Using rainwater or distilled water can reduce mineral deposits. On the other hand, tap water is more effective in controlling the growth of algae (algaecides such as Fountec are safe for plants and animals – except fish). The best choice for you will depend on the quality of your tap water. If your sculpture includes a fogger, keep in mind that the manufacturer recommends using only tap water.

    Adding aroma

    The porous rock of ShanChuan Islands™ is an ideal medium for essential oils, to add another dimension to the experience. These are just a few of the many oils used in aromatherapy that you can try by simply adding a few drops on a bare, dry area of the rock:

    • Basil – spicy, licorice aroma
    • Cedar - like the inside of a cedar chest
    • Fir, juniper berry, pine, spruce - evergreen aromas
    • Jasmine – sweet, intense floral aroma
    • Lavender - sweet, floral aroma, repels insects
    • Lemongrass - lemony, grassy aroma, repels insects
    • Oak Moss – heavy, earthy bark aroma
    • Ravensara - strong, tree-resin aroma
    • Vetiver - very strong earthy aroma

    Enjoying the changing landscape

    One of the unique pleasures of these sculptures is that they are constantly changing, inviting you to simply observe, or take part by pruning and shaping each plant. You can also change the landscape of your sculpture with a variety of tropical and sub-tropical plants. Most plants of this size retail for about $3 each and are available from your local greenhouse, so feel free to experiment. Note: English ivy is one of the best plants for fighting indoor air pollution.

    All the plants listed below have been grown successfully in ShanChuan Islands:

    • Alternanthera, e.g., Thin Gold, Red Threads
    • Blue creeping pilea (pilea glauca)
    • Blue Dart rush (juncus inflexus)
    • Dwarf boxwood (buxus microphylia compacta “Kingsville”)
    • Dwarf brush cherry (Eugenia myrtifloria nana)
    • Dwarf creeping fig (ficus pumila minima)
    • Dwarf cyperus (cyperus alternifolius gracilla, cyperus isocladus)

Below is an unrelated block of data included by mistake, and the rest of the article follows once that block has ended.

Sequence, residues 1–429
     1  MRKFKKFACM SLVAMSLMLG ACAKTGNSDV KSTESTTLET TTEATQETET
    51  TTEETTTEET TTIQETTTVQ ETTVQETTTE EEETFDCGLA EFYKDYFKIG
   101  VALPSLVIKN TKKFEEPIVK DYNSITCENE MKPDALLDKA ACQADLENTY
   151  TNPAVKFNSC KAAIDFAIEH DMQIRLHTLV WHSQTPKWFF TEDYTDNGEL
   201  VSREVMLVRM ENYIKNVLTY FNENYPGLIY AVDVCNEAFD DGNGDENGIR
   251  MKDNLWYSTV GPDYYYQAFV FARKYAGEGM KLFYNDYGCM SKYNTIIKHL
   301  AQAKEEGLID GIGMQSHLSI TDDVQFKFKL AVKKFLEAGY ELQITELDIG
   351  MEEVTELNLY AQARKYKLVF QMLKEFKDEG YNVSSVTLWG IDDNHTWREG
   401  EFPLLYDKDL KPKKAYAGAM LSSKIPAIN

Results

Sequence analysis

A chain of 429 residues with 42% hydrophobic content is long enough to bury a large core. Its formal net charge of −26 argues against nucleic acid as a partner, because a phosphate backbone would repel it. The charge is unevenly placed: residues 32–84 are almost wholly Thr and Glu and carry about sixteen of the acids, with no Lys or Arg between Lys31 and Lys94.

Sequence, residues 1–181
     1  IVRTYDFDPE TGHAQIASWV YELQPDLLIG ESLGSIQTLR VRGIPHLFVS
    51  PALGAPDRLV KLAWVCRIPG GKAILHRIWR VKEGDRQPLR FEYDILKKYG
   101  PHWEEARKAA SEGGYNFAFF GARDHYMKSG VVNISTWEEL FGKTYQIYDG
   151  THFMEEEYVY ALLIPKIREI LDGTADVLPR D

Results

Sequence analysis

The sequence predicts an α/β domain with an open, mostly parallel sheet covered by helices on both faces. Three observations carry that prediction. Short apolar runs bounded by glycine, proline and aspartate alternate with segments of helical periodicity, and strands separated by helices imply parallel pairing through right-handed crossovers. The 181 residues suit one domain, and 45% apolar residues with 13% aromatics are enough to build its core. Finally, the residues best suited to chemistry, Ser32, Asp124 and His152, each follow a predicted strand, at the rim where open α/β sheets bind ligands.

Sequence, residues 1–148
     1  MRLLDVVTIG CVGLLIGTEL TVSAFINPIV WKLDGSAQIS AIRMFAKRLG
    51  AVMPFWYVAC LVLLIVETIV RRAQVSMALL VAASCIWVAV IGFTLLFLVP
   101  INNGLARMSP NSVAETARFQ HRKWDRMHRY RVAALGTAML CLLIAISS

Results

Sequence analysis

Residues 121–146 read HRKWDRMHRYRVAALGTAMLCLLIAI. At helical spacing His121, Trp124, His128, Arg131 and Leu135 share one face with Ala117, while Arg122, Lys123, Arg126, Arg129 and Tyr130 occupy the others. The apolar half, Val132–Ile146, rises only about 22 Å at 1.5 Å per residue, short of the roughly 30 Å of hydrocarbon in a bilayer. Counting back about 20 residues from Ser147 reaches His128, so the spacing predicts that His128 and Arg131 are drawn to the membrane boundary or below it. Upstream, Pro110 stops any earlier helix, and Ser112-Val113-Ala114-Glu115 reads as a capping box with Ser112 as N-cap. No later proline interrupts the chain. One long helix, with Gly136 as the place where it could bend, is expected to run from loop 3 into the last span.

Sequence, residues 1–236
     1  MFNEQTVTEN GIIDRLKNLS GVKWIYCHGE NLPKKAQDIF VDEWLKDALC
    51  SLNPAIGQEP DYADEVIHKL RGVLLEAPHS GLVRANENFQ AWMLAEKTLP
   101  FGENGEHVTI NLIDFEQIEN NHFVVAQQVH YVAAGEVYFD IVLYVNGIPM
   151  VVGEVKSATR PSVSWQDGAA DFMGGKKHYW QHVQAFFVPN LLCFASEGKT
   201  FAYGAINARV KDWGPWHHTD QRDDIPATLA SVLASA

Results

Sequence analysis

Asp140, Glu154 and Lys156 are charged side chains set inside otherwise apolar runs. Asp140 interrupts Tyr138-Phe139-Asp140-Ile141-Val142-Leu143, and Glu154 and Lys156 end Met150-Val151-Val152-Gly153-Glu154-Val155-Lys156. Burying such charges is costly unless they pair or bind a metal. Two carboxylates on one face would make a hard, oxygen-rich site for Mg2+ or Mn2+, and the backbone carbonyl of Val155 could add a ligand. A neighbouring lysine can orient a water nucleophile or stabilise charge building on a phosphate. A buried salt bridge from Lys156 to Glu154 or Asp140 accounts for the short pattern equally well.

• Dwarf English ivy (hedera helix), e.g., "Itsy Bitsy", "Spetchley", “Feen Fingers, “Duck Foot”, “Needlepoint”, “Green Globe”
    • Dwarf Kenilworth ivy (cymbalaria aequatriloba)
    • Dwarf myrtle (myrtus communis minima)
    • Dwarf natal plum (axylia buxifolia)
    • Dwarf pomegranate (punica granatum nana)
    • Dwarf scouring rush (equisetum scirpoides 'contorta')
    • Dwarf violet (viola “Yokushimana nana”)
    • Dwarf weeping Barbados cherry (malpighia pendiculata compacta)
    • Fujian tea (carmine microphylla); flowering
    • Miniature Brass Buttons (leptinella gruveri)
    • Nea (nea buxifolia)
    • Oakleaf creeping fig (ficus pumila quercifolia)
    • Psuederanthemum (psuederanthemum sinuatum)
    • Quaker Ladies (houstonia caerulea “Clone One”)
    • Singapore holly (malpighia coccigera); flowering
    • South African Boxwood (myrsine africana)
    • South African honey suckle (turaea obtusifolia)
    • Willow leaf fig (ficus salicifolia)

    When replanting your sculpture, shake or soak off most of the soil in the original nursery containers. Mix this soil with course sand, and reuse it to fill in around the roots. This will help your plants drain well. Fertilizing about every two weeks with Miracle-Gro (1/2 strength) helps to replace the nutrients flushed out by the constantly running water.
    Adding music

    For an especially soothing experience, try some of this background music while you enjoy your sculpture:


    Enjoy ShanChuan Islands!

    ShanChuan Islands™ are based on ancient arts developed over centuries, which continue to develop today. Enjoy yours as it grows and changes, and please share your comments, questions, and suggestions.